Monsieur Salut writes: what were our honest expectations for the coming season on, say, Friday night? And 24 hours later, after SAFC 0-5 Celtic? Did they dip still lower after hearing Darron Gibson’s unwisely expressed assessment of the true level of commitment among the players at Simon Grayson’s disposal? Too many questions. Let’s see how an outsider views our prospects …
After a disastrous 2016-2017 season, Sunderland face a difficult test in the Championship.
Having ended last season with only six wins and six draws in 38 Premier League matches, producing a measly of 24 points, the club has been focused on strengthening the squad in the summer transfer window.
The original idea may have been to find a side capable of gaining promotion once again to the Premier League. Unless the humiliation of Saturday’s final pre-season friendly proves a blip, the sights may now need to be lowered.
Sunderland are not the only big club in the second tier. Among those standing in the way of an instant return to the top are Aston Villa, Fulham, Hull City, Middlesbrough and Wolves. Winning Friday’s opening game at home to Derby County already looks a tall order and manager Simon Grayson realises competition will be tough with so many teams looking for promotion.
For the past 10 years, Sunderland have played in the Premier League.
The list of clubs vying for promotion shows the kind of company they will now be keeping.
In the past, it may have been easier for such clubs to gain promotion to the top flight. Now, many analysts describe the Championship as one of the toughest and most competitive leagues in the world, taking account of the drama and excitement it generates.
Sunderland have six top-flight title wins to their name. However, other Championship heavyweights such as Aston Villa and Nottingham Forest, with strong histories of their own, have the capability to upset recently relegated sides.
Perhaps Grayson does not concern himself too much with history. According to him, it may be that only the present situation matters – and that translates as the job of winning promotion.
Sunderland began the close season needing to make heavy recruitment. Grayson’s appointment came after a painfully slow search for a new manager and he arrived at a time when many saw the club as facing a major overhaul, with as many as 13 players set to leave.
If there are big name clubs in the Championship, there are also big name players. Grayson has managed more than 250 Championship games so should know his stuff. Despite doubts on whether the club has strong enough financial support to replace departing players, he should still – in addition to the signings already made – have quality targets who can recognise a club worth joining.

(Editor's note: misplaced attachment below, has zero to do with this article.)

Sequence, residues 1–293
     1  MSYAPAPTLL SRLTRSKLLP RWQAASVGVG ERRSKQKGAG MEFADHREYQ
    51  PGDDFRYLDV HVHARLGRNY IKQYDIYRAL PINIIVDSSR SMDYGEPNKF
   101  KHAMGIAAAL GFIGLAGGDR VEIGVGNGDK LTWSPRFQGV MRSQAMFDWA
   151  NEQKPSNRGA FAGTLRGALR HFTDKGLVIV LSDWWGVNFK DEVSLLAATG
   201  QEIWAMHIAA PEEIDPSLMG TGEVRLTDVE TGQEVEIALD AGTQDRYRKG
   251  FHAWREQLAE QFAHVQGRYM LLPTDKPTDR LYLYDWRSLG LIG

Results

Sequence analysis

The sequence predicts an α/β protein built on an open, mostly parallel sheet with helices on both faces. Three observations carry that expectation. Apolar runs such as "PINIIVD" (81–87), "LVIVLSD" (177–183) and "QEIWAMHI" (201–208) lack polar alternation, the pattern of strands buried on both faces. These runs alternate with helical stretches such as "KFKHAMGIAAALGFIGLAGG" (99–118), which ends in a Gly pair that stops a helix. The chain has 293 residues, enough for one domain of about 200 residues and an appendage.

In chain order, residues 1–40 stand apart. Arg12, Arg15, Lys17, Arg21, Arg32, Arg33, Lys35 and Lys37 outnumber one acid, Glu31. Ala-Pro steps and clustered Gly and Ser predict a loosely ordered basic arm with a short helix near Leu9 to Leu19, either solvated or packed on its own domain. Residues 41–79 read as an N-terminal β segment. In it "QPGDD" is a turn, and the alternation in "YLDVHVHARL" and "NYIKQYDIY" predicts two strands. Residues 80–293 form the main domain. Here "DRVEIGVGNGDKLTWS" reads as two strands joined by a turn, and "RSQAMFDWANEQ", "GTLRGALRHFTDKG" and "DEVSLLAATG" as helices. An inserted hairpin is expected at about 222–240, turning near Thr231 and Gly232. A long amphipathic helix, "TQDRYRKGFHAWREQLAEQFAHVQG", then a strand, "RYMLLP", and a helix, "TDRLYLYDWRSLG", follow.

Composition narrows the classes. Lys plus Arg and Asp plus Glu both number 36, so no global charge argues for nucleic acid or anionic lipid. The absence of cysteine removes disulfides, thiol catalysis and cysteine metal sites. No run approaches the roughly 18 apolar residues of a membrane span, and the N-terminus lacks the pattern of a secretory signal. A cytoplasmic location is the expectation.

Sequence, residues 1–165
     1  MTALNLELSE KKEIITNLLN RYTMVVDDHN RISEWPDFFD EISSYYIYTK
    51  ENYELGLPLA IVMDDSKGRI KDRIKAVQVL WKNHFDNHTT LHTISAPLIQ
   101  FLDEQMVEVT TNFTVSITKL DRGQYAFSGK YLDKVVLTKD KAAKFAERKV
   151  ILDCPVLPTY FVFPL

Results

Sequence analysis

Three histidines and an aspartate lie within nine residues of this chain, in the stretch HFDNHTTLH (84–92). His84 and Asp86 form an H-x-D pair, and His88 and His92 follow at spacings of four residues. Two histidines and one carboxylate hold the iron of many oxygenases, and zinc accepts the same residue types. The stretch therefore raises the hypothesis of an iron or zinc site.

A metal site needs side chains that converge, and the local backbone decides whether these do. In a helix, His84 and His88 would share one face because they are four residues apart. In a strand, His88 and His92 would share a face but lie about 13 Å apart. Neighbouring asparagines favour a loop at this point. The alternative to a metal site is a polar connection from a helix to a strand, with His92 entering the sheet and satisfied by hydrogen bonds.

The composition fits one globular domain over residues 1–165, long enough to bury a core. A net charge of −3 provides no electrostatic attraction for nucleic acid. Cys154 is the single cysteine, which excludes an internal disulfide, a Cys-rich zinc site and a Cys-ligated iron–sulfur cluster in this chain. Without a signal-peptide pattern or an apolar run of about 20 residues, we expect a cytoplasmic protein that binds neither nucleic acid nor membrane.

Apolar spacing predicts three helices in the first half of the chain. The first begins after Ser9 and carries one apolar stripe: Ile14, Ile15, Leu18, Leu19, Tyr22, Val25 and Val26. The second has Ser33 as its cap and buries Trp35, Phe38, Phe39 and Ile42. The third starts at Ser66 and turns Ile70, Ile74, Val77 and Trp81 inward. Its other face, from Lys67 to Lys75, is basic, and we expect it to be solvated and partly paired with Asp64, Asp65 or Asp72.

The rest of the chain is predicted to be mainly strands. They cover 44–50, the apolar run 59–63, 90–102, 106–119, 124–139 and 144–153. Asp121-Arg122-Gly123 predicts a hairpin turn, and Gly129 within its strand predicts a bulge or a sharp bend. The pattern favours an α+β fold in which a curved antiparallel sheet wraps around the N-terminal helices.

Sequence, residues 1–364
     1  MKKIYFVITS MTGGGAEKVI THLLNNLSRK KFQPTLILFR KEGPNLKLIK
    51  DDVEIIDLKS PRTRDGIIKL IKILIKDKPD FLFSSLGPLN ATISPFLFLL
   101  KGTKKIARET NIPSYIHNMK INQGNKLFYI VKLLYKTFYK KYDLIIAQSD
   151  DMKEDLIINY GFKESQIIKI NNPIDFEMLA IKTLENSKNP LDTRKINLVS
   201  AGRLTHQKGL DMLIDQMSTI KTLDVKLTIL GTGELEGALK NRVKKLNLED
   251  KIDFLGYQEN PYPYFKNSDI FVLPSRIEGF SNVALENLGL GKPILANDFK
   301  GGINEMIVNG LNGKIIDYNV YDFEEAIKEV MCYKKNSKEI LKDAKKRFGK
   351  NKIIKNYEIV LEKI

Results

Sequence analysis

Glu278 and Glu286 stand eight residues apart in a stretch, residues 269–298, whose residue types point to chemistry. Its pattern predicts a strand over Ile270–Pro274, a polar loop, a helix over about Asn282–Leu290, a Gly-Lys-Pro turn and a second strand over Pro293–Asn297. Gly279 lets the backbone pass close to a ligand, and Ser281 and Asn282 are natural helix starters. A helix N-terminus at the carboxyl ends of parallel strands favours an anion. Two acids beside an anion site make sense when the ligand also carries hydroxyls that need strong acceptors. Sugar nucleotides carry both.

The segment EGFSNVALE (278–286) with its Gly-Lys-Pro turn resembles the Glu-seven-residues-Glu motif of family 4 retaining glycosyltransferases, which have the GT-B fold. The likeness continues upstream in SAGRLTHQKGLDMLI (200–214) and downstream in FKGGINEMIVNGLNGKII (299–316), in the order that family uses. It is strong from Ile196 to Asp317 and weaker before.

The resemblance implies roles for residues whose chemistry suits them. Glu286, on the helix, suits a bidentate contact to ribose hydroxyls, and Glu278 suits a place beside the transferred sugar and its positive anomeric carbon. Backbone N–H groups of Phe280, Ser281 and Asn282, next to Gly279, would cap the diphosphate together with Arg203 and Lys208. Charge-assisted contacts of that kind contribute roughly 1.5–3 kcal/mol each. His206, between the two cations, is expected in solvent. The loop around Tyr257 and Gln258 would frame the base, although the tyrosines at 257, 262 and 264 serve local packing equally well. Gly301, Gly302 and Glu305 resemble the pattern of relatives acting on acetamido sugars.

Before the Celtic debacle, some pundits believed Sunderland would win instant promotion. I’m keeping a close eye on Sun Bets to see what the football betting odds are for Sunderland to get promotion this season. Let’s hope the team can bring in some results for their fans!
Although last season was devastating, bookies thought it should be easy for them to win a promotion. Forget the pre-season ups and down; this is the primary reason why you should bet on Sunderland’s comeback even with uncertainty surrounding the future of their players.
But Sunderland must improve in all key areas and for that the club requires funds. Funds seem likely to be raised by selling players such as Lens and Khazri – to help recruitment. The key is to sign quality players, though many current players may wish to stay at the Stadium of Light in an attempt to make their way back to the Premier League.
But Grayson should not be shy in signing loan players and free agents if they are good enough. Loans have been shown to provide Championship clubs with quality players without making a dent in the transfer budget.
Huddersfield utilised this extremely well last season and earned promotion through the play offs; this may be something Sunderland should be looking at.
The key to doing well in the Championship is to not spend too much. History suggests that adding too many players to your squad can massively hurt the team morale. We saw this with Derby County in the 2015/16 season; they were in excellent form but after they unnecessarily signed more players in January, their season nosedived.
Bur Grayson will need a leader on the pitch as a role model to motivate the current and new set of players. One example is Lee Cattermole who has been at the Stadium of Light for a good part of his career. However, he has captained Sunderland through the tough times, so there may be a case for a fresh skipper to bring a new type of leadership to the squad.
Grayson realises that it will be diffcult to find top-notch strikers.
But Sunderland are in serious need of a reliable and recognised attacker who can carry the team as Jermain Defoe did. A decent striker could make the difference between a poor and a good campaign. It’s simple. Goals win games! Can Lewis Grabban, on loan from Bournemouth, provide them?
And as important as a striker is, Grayson also needs a strong midfield, players who not only run and dictate the game but score goals as well. Will new signing Aiden McGeady offer these qualities? Can Didier Ndong, young hopefuls such as George Honeyman and Lynden Gooch and even Cattermole rise to the challenge?
The answers to all of these questions, and whether Sunderland are serious promotion challengers or merely a club in transition, should become clear in the early part of the season about to begin.